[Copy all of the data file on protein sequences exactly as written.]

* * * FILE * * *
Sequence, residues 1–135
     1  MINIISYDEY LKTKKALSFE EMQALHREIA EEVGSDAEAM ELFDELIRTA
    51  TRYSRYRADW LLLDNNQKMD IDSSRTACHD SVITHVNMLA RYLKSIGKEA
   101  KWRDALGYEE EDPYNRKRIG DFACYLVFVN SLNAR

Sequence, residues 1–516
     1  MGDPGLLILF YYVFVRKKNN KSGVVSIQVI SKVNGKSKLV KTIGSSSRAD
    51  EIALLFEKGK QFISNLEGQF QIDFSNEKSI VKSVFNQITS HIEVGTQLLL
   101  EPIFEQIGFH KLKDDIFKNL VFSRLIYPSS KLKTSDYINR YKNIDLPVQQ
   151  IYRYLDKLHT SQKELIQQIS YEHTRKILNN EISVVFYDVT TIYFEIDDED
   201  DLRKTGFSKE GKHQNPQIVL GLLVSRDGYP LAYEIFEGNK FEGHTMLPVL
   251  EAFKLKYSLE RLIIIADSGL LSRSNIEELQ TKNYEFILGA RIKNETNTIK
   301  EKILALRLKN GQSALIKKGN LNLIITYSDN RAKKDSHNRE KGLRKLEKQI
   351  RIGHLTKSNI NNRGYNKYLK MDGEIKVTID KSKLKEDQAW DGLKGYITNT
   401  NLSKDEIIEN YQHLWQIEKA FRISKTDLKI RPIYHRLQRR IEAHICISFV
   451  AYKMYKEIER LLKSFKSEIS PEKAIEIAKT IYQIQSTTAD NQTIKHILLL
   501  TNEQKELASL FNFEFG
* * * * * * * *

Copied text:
Sequence, residues 1–135
     1  MINIISYDEY LKTKKALSFE EMQALHREIA EEVGSDAEAM ELFDELIRTA
    51  TRYSRYRADW LLLDNNQKMD IDSSRTACHD SVITHVNMLA RYLKSIGKEA
   101  KWRDALGYEE EDPYNRKRIG DFACYLVFVN SLNAR

Sequence, residues 1–516
     1  MGDPGLLILF YYVFVRKKNN KSGVVSIQVI SKVNGKSKLV KTIGSSSRAD
    51  EIALLFEKGK QFISNLEGQF QIDFSNEKSI VKSVFNQITS HIEVGTQLLL
   101  EPIFEQIGFH KLKDDIFKNL VFSRLIYPSS KLKTSDYINR YKNIDLPVQQ
   151  IYRYLDKLHT SQKELIQQIS YEHTRKILNN EISVVFYDVT TIYFEIDDED
   201  DLRKTGFSKE GKHQNPQIVL GLLVSRDGYP LAYEIFEGNK FEGHTMLPVL
   251  EAFKLKYSLE RLIIIADSGL LSRSNIEELQ TKNYEFILGA RIKNETNTIK
   301  EKILALRLKN GQSALIKKGN LNLIITYSDN RAKKDSHNRE KGLRKLEKQI
   351  RIGHLTKSNI NNRGYNKYLK MDGEIKVTID KSKLKEDQAW DGLKGYITNT
   401  NLSKDEIIEN YQHLWQIEKA FRISKTDLKI RPIYHRLQRR IEAHICISFV
   451  AYKMYKEIER LLKSFKSEIS PEKAIEIAKT IYQIQSTTAD NQTIKHILLL
   501  TNEQKELASL FNFEFG